Antidepressant medications are used to treat depression and other mood disorders.

There are different types of antidepressants. You may need to try different ones before finding one that works for you.

You may get side effects from antidepressants. Talk to your doctor if you get side effects that cause you problems.

You may get withdrawal symptoms when you stop taking antidepressant medication. Talk to your doctor before you stop taking them, even if you feel better. Your doctor may take you off your medication slowly if you have been taking them for a long time.

Antidepressant medication can affect other medications. Tell your doctor if you take any other medication.


Antidepressants are a class of drugs that reduce symptoms of depressive disorders by correcting chemical imbalances of neurotransmitters in the brain. Chemical imbalances may be responsible for changes in mood and behavior.

Neurotransmitters are vital, as they are the communication link between nerve cells in the brain. Neurotransmitters reside within vesicles found in nerve cells, which are released by one nerve and taken up by other nerves. Neurotransmitters not taken up by other nerves are taken up by the same nerves that released them. This process is called “reuptake.” The prevalent neurotransmitters in the brain specific to depression are serotonin, dopamine and norepinephrine (also called noradrenaline).

In general, antidepressants work by inhibiting the reuptake of specific neurotransmitters, hence increasing their levels around the nerves within the brain, such as selective serotonin reuptake inhibitors (SSRIs), antidepressants that will affect serotonin levels in the brain.


Antidepressants are used to treat several conditions. They include, but are not limited to: depression, generalized anxiety disorder, agitation, obsessive compulsive disorders (OCD), manic-depressive disorders, childhood enuresis (bedwetting), major depressive disorder, diabetic peripheral neuropathic pain, neuropathic pain, social anxiety disorder, posttraumatic stress disorder (PTSD) etc.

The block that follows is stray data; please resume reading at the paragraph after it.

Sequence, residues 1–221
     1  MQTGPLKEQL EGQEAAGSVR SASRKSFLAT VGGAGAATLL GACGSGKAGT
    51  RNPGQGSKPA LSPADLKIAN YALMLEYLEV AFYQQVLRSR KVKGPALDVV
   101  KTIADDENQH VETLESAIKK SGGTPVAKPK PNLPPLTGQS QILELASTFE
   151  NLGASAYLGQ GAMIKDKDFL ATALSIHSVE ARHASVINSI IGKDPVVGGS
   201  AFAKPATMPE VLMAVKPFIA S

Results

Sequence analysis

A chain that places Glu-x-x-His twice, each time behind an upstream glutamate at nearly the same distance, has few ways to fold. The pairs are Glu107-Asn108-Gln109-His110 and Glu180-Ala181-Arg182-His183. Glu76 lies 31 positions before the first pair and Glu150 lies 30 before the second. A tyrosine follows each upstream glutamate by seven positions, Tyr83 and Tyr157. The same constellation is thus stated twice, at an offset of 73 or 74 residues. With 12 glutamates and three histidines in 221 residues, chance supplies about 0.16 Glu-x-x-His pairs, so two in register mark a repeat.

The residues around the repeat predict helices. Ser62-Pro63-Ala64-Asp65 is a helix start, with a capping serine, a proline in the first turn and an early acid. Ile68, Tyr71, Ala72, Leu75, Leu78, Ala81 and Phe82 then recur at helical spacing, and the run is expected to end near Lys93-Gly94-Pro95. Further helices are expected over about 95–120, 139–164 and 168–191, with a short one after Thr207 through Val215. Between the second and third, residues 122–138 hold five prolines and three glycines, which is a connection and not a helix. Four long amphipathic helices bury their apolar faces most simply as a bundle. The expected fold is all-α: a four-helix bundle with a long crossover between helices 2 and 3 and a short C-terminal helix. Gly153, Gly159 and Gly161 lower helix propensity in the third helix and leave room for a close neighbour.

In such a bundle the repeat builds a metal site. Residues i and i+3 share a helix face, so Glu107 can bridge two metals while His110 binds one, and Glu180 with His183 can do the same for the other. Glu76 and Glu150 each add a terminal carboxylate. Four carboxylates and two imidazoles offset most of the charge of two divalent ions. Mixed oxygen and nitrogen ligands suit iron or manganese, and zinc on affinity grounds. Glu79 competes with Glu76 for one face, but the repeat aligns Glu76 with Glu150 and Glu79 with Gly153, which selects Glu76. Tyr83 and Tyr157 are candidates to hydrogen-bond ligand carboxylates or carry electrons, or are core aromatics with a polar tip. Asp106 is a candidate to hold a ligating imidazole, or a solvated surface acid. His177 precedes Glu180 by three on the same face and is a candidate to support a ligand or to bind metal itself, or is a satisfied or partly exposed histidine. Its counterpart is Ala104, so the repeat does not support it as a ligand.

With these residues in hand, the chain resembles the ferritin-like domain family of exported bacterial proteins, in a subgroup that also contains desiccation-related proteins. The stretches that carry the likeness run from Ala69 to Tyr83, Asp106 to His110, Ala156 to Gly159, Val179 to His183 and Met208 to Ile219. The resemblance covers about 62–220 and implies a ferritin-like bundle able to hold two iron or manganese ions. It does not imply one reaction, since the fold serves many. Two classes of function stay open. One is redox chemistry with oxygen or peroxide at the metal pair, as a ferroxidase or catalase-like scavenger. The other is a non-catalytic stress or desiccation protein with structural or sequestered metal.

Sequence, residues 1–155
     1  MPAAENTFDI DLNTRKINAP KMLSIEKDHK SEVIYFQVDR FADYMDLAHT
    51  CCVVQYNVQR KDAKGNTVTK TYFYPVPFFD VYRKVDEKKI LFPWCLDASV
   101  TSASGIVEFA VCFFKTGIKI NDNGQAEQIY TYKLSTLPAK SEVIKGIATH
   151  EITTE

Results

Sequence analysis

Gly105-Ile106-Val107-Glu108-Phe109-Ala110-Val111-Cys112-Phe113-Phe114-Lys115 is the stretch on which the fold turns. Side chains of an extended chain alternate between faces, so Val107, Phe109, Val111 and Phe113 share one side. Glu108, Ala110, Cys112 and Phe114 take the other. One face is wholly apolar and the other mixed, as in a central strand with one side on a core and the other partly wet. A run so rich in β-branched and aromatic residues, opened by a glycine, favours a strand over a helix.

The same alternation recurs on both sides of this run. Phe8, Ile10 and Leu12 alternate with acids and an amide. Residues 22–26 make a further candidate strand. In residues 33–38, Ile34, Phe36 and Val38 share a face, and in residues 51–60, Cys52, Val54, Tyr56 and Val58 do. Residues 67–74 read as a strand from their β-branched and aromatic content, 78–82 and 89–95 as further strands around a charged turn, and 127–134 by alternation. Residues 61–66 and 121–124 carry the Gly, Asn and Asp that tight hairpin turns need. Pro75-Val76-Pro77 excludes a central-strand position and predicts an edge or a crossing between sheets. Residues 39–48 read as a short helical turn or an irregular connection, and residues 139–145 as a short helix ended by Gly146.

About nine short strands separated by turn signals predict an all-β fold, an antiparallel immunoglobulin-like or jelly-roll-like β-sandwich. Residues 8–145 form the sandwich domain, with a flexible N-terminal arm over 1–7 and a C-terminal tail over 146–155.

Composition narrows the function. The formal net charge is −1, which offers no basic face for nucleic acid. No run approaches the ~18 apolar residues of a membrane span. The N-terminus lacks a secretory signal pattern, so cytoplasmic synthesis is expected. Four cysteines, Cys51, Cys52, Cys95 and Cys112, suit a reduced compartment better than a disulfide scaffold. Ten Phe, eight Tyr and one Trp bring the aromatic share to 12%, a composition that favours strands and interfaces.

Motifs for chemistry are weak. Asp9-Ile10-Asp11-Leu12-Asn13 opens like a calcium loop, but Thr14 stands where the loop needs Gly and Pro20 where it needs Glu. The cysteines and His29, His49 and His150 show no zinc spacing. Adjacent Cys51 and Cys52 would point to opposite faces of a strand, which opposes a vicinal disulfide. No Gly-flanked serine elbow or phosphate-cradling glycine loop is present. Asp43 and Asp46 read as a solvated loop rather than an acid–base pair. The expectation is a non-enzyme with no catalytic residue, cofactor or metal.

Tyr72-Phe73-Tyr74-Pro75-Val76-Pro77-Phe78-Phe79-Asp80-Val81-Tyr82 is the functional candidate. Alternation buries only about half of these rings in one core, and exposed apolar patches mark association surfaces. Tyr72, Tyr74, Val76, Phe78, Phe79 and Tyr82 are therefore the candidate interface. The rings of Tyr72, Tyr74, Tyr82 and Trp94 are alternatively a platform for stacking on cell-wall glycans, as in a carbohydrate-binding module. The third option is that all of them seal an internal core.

Some off- label uses of antidepressants include, but are not limited to: fibromyalgia, chronic urticaria (hives), hot flashes, hyperhidrosis (drug-induced), pruritus (itching), premenstrual symptoms, bulimia nervosa, Tourette syndrome, binge eating disorder, etc.

Finding the right antidepressant

There are a number of antidepressants available that work in slightly different ways and have different side effects. When prescribing an antidepressant that’s likely to work well for you, your doctor may consider:

Your particular symptoms. Symptoms of depression can vary, and one antidepressant may relieve certain symptoms better than another. For example, if you have trouble sleeping, an antidepressant that’s slightly sedating may be a good option.